The Airbus A380 is the world's biggest commercial passenger aircraft, seating on average 555 passengers in three different classes and a maximum certified capacity of 853 in an all-economy configuration. But Airbus was not satisfied with this capacity and drew up plans for an A380 stretch theoretically capable of carrying over 1,000 passengers. Let us explore what could have been...

What was the Airbus A380 stretch?

After the A380 was released to the market in 2000, Airbus proposed an A380-200 stretch that would bump the seats from 555 to 656 in a three-class layout.

But then, in 2007, Airbus proposed a further extension of the A380-800 (dubbed the -900) that would include 650 seats in a three-class format and up to 900 in an all-economy configuration.

Several airlines jumped to express interest, including:

  • Emirates, who would go on to operate the largest A380 fleet in the world.
  • Virgin Atlantic
  • Cathay Pacific
  • Air France
  • KLM
  • Lufthansa
  • Kingfisher Airlines
  • Several air leasing companies

Airbus, unfortunately, had to park these proposed orders until they could deliver on the original A380-800 variant.

With the launch of the NEO program for the A320, Airbus returned to plans for the Airbus A380 stretch. They proposed that once they had developed an 'A380neo' and improved the fuel efficiency of the aircraft, they would then roll out the A380-900.

Rumors have it that Airbus was also considering an A380-1000 stretch that would have had 200 more seats than the A380-800, pushing just over 1,000 passengers. Who knows if an airline would have gone for this goal, even just for the prestigious award of having the highest capacity aircraft in the world?

But, as fate would have it, the A380 was slowly wound down and retired, so the plans for a massive A380 would never come to fruition.

Why was it never built?

Simply put, the lack of demand for a stretch was the primary reason Airbus never offered the A380-900. They could not sustain the regular A380 program, let alone a bigger version.

An Airbus A380 for Emirates being tested during manufacturing.
Photo: Skycolors / Shutterstock

Some have suggested that Airbus should have offered the A380-900 from the get-go rather than the smaller A380-800. This would have placed the aircraft in a better competitive position relative to the 747-8 and the 777X.

Who would have bought it?

There are actually very few markets where the A380 stretch would have been useful.

The first was China. With such a huge population and plans to build hundreds of airports in the coming years, a large-capacity aircraft like the A380 stretch would have done wonders. Routes like Beijing to Shanghai that are incredibly dense would have benefited from such a massive aircraft.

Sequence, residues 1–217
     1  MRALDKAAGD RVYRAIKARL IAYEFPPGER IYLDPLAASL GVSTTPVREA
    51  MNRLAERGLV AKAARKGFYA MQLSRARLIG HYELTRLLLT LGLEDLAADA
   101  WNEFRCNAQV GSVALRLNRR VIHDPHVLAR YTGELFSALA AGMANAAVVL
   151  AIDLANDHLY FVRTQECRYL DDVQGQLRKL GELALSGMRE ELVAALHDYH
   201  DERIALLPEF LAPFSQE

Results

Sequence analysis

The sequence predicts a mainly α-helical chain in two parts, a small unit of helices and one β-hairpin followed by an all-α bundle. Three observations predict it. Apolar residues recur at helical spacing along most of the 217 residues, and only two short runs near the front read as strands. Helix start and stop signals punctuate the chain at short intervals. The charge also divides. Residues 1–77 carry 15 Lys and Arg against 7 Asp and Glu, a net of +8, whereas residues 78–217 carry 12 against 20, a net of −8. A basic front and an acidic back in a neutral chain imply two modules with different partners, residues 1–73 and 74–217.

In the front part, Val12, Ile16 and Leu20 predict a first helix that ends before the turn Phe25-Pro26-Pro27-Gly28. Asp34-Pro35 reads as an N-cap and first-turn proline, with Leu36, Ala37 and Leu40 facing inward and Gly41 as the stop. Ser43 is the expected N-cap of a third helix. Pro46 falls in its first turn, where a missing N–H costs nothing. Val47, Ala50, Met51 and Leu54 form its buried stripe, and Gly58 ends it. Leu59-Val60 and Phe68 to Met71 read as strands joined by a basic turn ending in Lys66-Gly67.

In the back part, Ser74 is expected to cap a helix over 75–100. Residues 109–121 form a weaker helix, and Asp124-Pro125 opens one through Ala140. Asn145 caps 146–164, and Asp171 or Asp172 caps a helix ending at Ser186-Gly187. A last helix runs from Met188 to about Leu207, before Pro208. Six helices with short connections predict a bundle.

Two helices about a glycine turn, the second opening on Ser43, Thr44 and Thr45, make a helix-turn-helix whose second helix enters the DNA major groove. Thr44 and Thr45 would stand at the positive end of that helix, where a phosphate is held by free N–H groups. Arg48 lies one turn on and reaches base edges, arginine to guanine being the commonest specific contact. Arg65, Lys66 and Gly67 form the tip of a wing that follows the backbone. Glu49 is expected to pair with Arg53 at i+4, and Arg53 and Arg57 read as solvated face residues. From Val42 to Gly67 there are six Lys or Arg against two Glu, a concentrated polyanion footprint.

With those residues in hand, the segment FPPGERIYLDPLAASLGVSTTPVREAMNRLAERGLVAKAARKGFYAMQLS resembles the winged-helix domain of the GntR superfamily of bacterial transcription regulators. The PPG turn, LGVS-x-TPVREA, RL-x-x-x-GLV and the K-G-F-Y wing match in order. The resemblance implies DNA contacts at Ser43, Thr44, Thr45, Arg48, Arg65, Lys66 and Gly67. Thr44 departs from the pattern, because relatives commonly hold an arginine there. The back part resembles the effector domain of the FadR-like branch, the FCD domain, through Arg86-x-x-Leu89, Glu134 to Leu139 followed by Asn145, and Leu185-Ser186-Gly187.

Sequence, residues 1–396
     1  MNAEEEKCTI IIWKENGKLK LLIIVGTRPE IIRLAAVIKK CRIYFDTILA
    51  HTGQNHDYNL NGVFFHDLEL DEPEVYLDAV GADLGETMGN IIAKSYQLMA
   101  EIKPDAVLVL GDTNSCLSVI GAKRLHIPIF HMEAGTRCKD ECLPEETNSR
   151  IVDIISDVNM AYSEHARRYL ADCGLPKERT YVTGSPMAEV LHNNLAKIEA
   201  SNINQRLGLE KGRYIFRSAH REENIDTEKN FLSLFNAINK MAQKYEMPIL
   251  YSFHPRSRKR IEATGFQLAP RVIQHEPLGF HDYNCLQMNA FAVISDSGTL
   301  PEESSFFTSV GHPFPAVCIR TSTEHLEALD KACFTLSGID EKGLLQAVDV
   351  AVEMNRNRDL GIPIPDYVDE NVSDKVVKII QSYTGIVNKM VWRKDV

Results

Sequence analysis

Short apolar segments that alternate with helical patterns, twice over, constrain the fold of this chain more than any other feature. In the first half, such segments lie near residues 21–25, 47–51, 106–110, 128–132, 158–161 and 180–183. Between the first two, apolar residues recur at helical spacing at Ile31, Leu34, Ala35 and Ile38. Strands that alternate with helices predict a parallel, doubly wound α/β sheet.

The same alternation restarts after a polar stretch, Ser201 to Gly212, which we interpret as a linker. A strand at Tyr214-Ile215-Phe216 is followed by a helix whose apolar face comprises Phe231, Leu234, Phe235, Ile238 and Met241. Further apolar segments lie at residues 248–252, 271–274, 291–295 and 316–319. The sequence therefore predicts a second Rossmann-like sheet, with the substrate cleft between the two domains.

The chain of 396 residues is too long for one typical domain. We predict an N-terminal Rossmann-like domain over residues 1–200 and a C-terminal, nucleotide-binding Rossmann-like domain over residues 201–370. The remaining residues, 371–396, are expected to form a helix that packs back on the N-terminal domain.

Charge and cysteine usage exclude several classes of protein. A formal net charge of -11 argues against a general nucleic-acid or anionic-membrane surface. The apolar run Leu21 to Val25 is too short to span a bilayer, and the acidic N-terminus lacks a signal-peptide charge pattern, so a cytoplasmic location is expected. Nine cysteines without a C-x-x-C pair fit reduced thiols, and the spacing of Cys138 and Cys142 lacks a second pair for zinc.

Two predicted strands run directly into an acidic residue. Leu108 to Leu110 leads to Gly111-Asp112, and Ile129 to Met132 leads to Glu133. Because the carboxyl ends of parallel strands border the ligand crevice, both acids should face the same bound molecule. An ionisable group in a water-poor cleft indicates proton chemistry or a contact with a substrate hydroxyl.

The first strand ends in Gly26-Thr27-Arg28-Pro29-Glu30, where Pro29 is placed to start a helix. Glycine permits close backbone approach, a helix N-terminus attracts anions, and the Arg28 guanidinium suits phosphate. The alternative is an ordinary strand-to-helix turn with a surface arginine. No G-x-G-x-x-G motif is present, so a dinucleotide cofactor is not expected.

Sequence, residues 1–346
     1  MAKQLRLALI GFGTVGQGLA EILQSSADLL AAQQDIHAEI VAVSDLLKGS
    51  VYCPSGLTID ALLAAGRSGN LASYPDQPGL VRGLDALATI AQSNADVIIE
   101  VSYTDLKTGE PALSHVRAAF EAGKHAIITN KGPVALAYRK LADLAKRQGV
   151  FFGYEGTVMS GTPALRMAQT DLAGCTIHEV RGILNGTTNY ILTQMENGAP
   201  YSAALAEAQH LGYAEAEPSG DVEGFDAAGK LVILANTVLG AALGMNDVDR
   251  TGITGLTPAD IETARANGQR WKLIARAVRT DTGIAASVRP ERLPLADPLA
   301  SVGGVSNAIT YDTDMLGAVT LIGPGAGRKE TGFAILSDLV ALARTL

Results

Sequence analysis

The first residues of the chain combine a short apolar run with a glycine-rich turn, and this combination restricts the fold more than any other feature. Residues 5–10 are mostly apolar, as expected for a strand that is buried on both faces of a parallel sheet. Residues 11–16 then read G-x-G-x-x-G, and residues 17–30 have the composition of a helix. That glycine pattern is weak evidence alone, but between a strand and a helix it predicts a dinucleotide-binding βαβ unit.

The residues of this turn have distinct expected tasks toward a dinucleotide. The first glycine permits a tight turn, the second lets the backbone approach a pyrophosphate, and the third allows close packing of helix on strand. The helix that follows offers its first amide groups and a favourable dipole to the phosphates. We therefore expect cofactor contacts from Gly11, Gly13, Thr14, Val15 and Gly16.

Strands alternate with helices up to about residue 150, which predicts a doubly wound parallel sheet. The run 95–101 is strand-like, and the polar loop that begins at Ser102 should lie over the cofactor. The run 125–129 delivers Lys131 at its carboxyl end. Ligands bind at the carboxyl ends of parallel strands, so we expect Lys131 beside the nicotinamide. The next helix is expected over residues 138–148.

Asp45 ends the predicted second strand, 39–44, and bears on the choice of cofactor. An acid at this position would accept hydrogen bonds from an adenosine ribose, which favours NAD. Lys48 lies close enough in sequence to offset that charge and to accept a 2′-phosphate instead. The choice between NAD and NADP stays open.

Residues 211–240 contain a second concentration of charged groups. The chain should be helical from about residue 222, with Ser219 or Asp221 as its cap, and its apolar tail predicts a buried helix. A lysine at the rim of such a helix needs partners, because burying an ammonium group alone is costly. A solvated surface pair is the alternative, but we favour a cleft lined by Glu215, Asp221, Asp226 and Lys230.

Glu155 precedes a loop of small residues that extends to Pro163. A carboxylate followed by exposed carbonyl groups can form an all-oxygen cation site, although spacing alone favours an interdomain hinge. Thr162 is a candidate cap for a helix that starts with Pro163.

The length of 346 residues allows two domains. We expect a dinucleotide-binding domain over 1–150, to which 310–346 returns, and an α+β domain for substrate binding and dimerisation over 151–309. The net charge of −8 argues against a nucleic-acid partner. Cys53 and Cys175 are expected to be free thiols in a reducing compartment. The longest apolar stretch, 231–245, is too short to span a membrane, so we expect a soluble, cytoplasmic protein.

Secondly, India could have been an excellent location for the aircraft. Like China, their population and demand for air travel could have justified such a large plane. Additionally, India has one of the most cutthroat airfare markets and could have benefited from the incredibly low fuel burn per seat on the A380 stretch.

Holidaymakers on popular routes such as Seoul’s Gimpo Airport to Jeju, an island off the southern coast of the Korean Peninsula (the most heavily trafficked route in the world, carrying over 16 million in 2022) could have deployed the A380 stretch to good effect.

A Malaysia Airlines Airbus A380 flying in the sky.
Photo: Jaggat Rashidi/Shutterstock

Lastly, airlines that provide transport for the Muslim pilgrimage to Mecca would have most definitely bought the A380 stretch. Airlines like Malaysia Airlines, Lion Air, and others in principally Muslim countries would have opted for the all-economy configuration to transport as many of the faithful as possible. And these passengers would have been satisfied with this dense configuration, too, as the journey to Mecca is supposed to be an arduous test of your faith.

Is there a future for a stretched A380?

With around half the world's A380 fleet now back in service following the pandemic, could a stretched A380 be back on the cards? Unfortunately, it's doubtful Airbus would revive the A380 program - which was loss-making with the regular A380-800 variant anyway - to roll out an even larger plane.

An Emirates Airbus A380 Taxiing In Vienna.
Photo: Simlinger | Shutterstock

The most feasible customer would, of course, be Emirates, which operates the world's largest A380 fleet by a considerable distance. The carrier's CEO, Sir Tim Clark, told CNN in 2022 that the airline would be interested in another mega Airbus aircraft - as recent as last month, Clark echoed this sentiment at the Paris Air Forum but is more interested in a re-engined, more efficient A380neo than a stretch.

Interestingly, Russia was working on its own 1,000-seater jumbo jet before the A380 ever took to the skies, but the proposed 'Sukhoi KR-860' never made it past the drawing board.

What do you think? Let us know in the comments if you would have flown on the A380 stretch!

Source: CNN, FlightGlobal

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    Guillaume Faury
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